|Why use GeoProMT?|
How many times have you reached the middle or the end of a project and not been able to adequately describe all the steps and data transformations that have taken place up to that point in time? We’ve all been there. An idea comes to you late at night and you try several iterations of your new algorithm on an intermediate data file, only to forget what got changed where. Which parameters were held constant? Which values were changed and what values were used? GeoProMT, while not 100% foolproof, will provide the tools needed to easily document and record the changes you’ve applied to your data, models and processes. Just the act of using GeoProMT forces you to better organize and manage your data and the processes you apply throughout your project.
Some might see GeoProMT as a huge time sink, especially when used within the context of an emergency response setting, but it is the systematic thought processes and controlled sequence of steps that leads to successful project results.
Sitting down and laying out your project in a simple list format is useful, but the workflow diagrams coupled with the transformer descriptions help clarify the steps and the relationships between the data objects and model output.
Just like a good speech coach, GeoProMT helps you – “tell them what you’re going to tell them” (Project Design) – “tell them” (Workflow and Data Transformers) – and “tell them what you’ve told them” (Report Generation).
One of the many advantages of GeoProMT over classroom management systems like BlackBoard or ANGEL is the built in project design and reporting functions. Not only will students hear the importance of defining their project plans and properly managing their workflow, from lectures – GeoProMT reinforces these ideas by providing tools and controls to encourage students to provide the necessary information and complete specific data management steps (like providing or defining metadata) as they progress through their project. Professors or authorized individuals (i.e., TAs or RAs) can review the student’s progress as they define their project goals, acquire and document their data capture steps, and check the validity of proposed data transformation steps or modeling procedures. All of these important tasks and lessons are managed and reinforced as the students work on their projects. Students and instructors are kept abreast of project status by percent complete reports and graphic workflow progress diagrams.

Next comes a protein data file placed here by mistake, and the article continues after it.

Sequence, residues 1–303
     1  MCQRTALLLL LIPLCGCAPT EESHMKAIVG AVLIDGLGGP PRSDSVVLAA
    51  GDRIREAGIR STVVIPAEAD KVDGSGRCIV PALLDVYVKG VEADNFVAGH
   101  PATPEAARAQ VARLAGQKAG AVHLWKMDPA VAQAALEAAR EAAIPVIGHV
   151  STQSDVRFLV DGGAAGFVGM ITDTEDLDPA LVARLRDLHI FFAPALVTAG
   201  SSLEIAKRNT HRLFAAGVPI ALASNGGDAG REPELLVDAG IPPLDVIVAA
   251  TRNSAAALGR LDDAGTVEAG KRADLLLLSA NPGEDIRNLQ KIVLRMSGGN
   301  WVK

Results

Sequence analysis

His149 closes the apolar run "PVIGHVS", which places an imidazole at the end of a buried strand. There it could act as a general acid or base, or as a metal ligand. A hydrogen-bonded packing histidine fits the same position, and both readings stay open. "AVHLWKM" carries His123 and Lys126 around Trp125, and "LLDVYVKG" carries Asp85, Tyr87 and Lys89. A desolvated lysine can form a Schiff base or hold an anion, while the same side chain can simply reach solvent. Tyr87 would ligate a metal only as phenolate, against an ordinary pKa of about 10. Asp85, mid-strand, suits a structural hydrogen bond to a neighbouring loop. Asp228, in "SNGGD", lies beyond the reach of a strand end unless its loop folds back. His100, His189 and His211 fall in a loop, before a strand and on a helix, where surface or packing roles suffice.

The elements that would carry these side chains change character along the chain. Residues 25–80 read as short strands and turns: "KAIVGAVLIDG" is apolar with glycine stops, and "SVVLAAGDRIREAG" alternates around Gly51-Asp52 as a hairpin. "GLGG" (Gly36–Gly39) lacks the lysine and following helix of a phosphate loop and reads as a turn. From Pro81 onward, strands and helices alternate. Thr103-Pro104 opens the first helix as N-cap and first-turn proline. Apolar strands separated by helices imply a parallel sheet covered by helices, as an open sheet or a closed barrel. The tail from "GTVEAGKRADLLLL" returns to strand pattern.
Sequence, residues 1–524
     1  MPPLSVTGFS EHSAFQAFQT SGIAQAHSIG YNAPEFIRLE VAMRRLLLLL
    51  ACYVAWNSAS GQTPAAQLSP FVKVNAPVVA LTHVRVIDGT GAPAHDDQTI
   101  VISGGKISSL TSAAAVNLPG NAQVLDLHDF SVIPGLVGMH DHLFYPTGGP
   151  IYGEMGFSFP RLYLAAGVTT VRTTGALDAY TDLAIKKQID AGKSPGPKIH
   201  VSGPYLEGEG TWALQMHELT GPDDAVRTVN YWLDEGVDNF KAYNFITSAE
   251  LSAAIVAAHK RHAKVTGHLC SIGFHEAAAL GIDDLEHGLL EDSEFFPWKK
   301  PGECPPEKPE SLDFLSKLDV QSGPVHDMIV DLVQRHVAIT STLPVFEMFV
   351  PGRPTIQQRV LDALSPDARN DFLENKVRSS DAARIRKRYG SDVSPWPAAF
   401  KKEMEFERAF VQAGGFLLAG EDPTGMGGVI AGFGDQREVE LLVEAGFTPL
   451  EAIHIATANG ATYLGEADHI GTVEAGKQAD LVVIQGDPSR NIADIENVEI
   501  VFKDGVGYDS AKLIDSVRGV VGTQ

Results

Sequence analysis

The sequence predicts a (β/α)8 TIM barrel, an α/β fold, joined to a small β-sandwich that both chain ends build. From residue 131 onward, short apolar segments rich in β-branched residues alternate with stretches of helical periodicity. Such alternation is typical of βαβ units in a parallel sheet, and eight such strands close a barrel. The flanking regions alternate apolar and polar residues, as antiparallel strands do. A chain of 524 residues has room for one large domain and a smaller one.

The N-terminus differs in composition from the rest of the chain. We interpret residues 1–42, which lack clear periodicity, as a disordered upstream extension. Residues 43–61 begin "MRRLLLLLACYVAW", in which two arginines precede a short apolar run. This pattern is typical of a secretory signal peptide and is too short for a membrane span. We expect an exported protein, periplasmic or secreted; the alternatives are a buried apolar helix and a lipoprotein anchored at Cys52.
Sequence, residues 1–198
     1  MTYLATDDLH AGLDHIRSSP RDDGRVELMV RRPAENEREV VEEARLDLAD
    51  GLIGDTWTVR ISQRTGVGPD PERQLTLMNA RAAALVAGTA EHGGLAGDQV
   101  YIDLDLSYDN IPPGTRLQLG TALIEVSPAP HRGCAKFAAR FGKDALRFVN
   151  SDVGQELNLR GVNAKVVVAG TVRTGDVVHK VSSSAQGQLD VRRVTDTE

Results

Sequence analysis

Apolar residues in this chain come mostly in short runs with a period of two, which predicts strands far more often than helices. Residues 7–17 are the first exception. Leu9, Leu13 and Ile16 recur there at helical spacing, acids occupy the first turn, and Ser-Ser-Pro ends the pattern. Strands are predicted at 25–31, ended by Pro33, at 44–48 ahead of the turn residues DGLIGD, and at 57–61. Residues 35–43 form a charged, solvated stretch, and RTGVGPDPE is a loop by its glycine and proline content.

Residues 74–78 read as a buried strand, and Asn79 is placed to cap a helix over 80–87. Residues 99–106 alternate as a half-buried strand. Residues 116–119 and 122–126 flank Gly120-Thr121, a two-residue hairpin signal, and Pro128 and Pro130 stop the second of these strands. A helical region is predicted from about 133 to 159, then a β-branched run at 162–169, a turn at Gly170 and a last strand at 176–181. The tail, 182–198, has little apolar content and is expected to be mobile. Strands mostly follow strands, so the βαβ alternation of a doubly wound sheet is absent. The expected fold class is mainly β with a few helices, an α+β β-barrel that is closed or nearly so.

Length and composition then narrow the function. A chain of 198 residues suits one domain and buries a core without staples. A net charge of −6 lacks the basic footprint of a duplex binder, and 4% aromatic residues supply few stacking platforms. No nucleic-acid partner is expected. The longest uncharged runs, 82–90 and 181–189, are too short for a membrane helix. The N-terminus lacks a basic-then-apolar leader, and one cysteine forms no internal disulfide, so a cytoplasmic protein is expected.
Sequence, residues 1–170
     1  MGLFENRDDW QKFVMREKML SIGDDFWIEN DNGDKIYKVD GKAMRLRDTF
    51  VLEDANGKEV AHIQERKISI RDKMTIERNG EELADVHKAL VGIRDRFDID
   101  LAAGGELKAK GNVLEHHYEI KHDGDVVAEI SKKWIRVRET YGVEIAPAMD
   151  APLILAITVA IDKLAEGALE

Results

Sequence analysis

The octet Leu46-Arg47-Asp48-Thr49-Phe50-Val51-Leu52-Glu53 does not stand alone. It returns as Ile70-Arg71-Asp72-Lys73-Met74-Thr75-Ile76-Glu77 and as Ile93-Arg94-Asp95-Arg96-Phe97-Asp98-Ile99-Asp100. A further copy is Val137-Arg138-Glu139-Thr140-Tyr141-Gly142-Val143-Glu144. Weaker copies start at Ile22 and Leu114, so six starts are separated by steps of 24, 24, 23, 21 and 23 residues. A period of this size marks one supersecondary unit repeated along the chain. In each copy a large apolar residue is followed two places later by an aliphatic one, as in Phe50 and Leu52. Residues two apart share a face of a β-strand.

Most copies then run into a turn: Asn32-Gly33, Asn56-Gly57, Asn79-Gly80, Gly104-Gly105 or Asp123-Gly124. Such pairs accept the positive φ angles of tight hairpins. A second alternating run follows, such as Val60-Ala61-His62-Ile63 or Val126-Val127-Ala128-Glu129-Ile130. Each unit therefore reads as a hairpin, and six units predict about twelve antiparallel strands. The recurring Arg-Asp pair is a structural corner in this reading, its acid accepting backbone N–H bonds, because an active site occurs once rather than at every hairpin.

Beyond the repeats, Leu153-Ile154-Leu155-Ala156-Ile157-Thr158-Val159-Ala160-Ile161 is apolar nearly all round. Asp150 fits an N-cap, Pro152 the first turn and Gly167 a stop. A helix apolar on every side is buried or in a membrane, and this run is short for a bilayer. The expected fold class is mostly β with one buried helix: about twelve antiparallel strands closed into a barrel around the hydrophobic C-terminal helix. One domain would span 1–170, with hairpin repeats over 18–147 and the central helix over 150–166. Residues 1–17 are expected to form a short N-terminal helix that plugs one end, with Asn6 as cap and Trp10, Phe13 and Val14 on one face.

GeoProMT encourages researchers to honestly assess their project plans and data management processes as they define and work through their research. It truly fills many gaps in the learning process for students and professors.
According to NSF policy (http://www.nsf.gov/bfa/dias/policy/dmp.jsp), Investigators are expected to share with other researchers, at no more than incremental cost and within a reasonable time, the primary data, samples, physical collections and other supporting materials created or gathered in the course of work under NSF grants. Grantees are expected to encourage and facilitate such sharing. See Award & Administration Guide (AAG) Chapter VI.D.4.
GeoProMT is an effective tool for establishing collaborative data sharing with other researchers. Data can be securely uploaded to GeoProMT and permissions set by the submitter to be viewed, linked, or downloaded with permission of the project administrator. Acceptable file types include, geospatial datasets, images, video clips, models, papers, raw data and final results.
According to NSF policy (http://www.nsf.gov/bfa/dias/policy/dmp.jsp), proposals submitted or due on or after January 18, 2011, must include a supplementary document of no more than two pages labeled “Data Management Plan”. This supplementary document should describe how the proposal will conform to NSF policy on the dissemination and sharing of research results. See Grant Proposal Guide (GPG) Chapter II.C.2.j for full policy implementation.
GeoProMT is an effective tool for documenting research project plans, defining data processing relationships, managing metadata, and establishing collaborative data sharing with other researchers.
|How to use GeoProMT|
In order to effectively use GeoProMT, you need to register and create an account. Click the Create An Account button and provide the requested and required information. Note: None of this data is or will be shared with anyone for personal or commercial gain. We are not trying to be invasive or overly personal in our quest for registration information. At this point, our programmers are more interested in capturing and testing all possible fields so every data entry field is considered required at this point. Yes, we know, most people don’t have a second line for their address, but put something in the field to make the database validation check process happy. We’ll relax those specifications once the role-based security constraints are in place and functioning properly.
After you have explored a number of existing projects to understand how others have used GeoProMT to design their data workflow, transformers and expected model results, it is time to create your own project from the ground up.
Starting at the Home > My Projects page, click the New Project button to launch your own project.